4. Avoid Trademark Infringement
It’s important to make sure you’re not infringing on any existing trademarks or copyrights. You should always avoid using names or terms that belong to another company or individual. Using someone else’s trademarked name could lead to legal issues, and it can also harm your website’s reputation.
So, be creative and original when choosing your domain name, and do your research to ensure that it’s not already taken or in use by someone else.
5. Stay Flexible but Favor Familiarity
While it’s tempting to go for newer, flashy TLDs like .guru or .app, remember that classic domain extensions like .com or .net are more recognizable to the average user. Newer TLDs can be used innovatively, but the trade-off between creativity and familiarity should be carefully weighed.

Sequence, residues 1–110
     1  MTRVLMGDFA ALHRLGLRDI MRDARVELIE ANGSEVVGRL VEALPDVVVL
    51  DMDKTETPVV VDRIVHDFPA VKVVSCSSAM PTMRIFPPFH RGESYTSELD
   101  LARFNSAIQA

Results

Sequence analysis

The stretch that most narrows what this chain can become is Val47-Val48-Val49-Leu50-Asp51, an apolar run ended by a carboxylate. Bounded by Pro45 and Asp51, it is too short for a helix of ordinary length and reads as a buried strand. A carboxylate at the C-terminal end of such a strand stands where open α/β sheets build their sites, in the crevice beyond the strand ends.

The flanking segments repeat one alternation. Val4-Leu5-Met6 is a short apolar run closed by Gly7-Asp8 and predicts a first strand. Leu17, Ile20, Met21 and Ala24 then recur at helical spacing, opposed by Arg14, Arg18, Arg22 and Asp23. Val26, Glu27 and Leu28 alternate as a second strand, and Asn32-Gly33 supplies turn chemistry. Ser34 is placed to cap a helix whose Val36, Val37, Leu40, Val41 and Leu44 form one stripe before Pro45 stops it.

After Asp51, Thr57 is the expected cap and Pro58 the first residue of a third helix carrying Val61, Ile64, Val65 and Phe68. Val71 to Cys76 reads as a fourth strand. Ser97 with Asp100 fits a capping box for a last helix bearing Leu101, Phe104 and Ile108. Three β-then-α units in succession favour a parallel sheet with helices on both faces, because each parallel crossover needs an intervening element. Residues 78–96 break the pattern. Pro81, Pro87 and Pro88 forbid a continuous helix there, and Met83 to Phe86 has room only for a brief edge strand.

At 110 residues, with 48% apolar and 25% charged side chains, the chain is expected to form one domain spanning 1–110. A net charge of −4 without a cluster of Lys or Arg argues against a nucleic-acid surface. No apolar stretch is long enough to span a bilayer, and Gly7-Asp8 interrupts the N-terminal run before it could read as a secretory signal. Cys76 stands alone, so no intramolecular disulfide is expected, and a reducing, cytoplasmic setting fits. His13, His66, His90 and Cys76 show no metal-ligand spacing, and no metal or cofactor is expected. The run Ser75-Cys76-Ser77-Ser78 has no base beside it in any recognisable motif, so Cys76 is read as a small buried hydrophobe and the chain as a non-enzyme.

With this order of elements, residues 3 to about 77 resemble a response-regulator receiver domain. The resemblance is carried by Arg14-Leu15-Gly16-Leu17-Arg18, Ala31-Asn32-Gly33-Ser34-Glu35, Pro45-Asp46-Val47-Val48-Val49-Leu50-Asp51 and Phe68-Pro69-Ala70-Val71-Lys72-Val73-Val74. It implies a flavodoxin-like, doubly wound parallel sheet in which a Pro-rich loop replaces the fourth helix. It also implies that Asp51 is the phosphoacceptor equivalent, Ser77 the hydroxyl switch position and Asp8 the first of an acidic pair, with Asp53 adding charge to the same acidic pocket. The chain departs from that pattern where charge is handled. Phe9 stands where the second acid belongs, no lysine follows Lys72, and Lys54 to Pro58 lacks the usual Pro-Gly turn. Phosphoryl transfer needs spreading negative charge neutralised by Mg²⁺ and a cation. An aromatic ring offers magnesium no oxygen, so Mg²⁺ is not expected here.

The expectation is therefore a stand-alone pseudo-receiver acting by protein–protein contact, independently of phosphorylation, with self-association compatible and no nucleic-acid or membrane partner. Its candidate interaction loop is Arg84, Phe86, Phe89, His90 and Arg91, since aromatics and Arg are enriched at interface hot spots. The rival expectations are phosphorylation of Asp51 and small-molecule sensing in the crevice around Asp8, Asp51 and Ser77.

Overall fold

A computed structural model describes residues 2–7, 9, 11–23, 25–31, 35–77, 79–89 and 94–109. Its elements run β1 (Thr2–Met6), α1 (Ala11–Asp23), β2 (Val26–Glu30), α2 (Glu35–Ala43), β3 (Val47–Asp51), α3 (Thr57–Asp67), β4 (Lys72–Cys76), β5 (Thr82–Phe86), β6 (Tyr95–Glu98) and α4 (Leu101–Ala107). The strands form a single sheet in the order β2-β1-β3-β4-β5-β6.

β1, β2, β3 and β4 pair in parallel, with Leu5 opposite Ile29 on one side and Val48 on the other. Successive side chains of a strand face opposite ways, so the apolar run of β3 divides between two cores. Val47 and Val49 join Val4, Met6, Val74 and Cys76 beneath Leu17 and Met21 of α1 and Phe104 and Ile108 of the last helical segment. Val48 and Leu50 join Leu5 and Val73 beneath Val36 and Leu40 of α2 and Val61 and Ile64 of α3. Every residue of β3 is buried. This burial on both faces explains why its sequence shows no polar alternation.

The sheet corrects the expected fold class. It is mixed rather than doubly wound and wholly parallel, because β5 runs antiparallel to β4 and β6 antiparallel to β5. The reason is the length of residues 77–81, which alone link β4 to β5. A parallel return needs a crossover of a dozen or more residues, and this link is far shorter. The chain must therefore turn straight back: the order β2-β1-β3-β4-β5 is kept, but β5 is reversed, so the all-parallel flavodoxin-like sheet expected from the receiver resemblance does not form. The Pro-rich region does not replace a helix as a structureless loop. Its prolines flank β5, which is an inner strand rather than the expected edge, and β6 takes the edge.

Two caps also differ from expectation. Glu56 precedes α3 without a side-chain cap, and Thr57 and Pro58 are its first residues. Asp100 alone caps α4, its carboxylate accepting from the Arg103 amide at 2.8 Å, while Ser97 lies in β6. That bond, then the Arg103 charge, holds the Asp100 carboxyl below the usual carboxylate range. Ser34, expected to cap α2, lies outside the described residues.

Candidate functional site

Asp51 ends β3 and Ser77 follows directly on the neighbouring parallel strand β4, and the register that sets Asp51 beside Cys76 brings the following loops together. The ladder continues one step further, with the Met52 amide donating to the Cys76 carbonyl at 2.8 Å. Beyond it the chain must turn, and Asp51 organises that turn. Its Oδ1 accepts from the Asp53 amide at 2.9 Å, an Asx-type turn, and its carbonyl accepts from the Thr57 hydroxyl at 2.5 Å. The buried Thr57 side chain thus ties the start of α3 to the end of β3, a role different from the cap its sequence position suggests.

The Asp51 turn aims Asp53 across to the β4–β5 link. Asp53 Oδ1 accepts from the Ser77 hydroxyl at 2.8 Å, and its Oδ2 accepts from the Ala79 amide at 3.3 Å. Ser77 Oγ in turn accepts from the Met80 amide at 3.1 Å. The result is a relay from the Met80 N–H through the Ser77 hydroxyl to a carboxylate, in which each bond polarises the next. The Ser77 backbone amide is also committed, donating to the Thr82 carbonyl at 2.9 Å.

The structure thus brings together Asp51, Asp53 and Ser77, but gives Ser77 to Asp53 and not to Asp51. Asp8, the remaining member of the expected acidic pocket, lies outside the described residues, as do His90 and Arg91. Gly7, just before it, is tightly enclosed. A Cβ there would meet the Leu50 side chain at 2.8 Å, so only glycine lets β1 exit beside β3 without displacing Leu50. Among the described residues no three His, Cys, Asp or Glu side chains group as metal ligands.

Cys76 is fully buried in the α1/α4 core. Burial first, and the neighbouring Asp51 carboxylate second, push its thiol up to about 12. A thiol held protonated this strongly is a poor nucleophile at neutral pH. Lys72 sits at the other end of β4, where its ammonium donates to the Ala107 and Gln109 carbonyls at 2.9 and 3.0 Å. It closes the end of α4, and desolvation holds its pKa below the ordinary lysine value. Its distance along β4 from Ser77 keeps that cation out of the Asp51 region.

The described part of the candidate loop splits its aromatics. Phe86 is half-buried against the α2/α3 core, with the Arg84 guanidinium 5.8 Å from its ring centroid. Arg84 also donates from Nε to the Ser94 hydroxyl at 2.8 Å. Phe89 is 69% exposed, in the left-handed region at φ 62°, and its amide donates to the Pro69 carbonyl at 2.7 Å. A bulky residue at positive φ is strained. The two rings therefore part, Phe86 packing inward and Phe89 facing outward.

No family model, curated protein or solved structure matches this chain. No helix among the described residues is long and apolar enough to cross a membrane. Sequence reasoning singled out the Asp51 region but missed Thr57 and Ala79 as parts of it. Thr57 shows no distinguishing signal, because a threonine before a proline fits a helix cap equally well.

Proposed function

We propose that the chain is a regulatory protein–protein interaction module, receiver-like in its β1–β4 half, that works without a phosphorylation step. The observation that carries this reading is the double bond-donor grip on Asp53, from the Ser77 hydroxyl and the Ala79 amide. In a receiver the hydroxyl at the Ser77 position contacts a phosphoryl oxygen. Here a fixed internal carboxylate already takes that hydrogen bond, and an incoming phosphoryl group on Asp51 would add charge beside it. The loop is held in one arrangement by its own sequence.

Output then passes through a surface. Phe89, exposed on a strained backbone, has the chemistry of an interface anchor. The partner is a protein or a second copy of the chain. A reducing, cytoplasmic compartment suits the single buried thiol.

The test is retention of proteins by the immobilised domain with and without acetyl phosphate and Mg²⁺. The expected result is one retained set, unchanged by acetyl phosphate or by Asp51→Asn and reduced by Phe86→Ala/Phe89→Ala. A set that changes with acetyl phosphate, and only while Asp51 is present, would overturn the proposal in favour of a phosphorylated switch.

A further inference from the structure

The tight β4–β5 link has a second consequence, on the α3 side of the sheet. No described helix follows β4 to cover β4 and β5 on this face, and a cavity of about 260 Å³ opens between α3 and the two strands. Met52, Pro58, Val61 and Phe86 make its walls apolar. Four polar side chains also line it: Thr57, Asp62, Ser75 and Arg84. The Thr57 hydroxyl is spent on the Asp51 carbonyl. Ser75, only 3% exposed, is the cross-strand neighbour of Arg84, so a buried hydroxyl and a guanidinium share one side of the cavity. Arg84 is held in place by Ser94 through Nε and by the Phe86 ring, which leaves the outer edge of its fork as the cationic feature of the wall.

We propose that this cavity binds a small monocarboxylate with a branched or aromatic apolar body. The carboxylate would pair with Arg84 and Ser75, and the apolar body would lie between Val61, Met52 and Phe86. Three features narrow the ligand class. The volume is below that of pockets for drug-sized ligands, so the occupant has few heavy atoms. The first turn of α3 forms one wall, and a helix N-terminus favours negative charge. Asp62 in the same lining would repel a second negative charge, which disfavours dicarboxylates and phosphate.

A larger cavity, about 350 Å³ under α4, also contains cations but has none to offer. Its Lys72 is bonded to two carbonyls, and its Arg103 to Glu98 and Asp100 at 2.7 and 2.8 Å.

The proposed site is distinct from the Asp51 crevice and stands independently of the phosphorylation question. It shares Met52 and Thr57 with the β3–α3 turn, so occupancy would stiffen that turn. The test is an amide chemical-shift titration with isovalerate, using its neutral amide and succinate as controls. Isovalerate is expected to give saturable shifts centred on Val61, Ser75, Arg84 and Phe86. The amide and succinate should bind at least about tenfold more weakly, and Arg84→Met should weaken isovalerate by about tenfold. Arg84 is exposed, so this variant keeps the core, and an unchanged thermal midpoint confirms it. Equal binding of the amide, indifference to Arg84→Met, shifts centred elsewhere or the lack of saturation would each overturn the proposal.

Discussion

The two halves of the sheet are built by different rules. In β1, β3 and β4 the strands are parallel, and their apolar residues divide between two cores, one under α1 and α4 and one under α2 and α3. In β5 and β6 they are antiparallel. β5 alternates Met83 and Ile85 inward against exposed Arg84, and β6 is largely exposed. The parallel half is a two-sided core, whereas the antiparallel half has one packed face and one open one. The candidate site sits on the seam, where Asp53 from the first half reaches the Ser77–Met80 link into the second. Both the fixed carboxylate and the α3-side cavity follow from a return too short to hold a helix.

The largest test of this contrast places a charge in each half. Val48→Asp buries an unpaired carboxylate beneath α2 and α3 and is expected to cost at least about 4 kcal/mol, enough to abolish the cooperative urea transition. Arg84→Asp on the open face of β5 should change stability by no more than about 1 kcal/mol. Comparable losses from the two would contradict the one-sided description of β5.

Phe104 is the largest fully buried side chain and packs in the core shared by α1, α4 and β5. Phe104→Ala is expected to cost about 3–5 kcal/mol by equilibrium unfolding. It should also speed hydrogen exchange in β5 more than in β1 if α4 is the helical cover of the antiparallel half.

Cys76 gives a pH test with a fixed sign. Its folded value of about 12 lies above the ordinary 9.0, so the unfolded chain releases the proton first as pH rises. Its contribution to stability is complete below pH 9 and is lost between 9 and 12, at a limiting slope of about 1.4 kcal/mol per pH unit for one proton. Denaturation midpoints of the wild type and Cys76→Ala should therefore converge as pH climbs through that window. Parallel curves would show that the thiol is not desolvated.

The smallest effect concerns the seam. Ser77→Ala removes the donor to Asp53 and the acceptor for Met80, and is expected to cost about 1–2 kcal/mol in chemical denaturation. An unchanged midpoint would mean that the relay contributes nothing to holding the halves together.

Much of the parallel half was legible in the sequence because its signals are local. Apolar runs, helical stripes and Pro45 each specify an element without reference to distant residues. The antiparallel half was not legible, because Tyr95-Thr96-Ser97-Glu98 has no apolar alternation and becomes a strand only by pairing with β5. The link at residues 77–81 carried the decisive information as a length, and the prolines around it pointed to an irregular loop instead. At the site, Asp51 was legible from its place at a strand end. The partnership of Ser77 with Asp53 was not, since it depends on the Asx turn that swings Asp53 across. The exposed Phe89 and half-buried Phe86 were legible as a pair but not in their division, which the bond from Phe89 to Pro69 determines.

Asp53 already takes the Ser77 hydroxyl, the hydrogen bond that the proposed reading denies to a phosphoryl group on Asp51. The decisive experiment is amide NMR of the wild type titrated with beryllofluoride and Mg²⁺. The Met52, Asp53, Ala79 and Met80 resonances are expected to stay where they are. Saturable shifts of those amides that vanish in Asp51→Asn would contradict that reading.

Types of Domains: Ready to Choose Yours?
Understanding the different types of domains can help website owners choose the most suitable and effective domain name for their online presence.
A domain name that is easy to remember, relevant to the website’s content, and reflective of the brand identity can go a long way in establishing a strong online presence.
Whether it’s a TLD, SLD, or subdomain, each type of domain serves a specific purpose and can be used strategically to improve website navigation, target specific geographic locations, and establish a unique online identity.
Next Steps: What Now?
- Find a perfect domain name for your business
- Comparison of domain hosting providers
- Check out the list of cheap domain hosting providers
- Consider Top Level Domains: The ABCs of TLDs and choose the one that fits your needs
- Find the web hosting service that provides free domain
- Discover the difference between hostname and domain name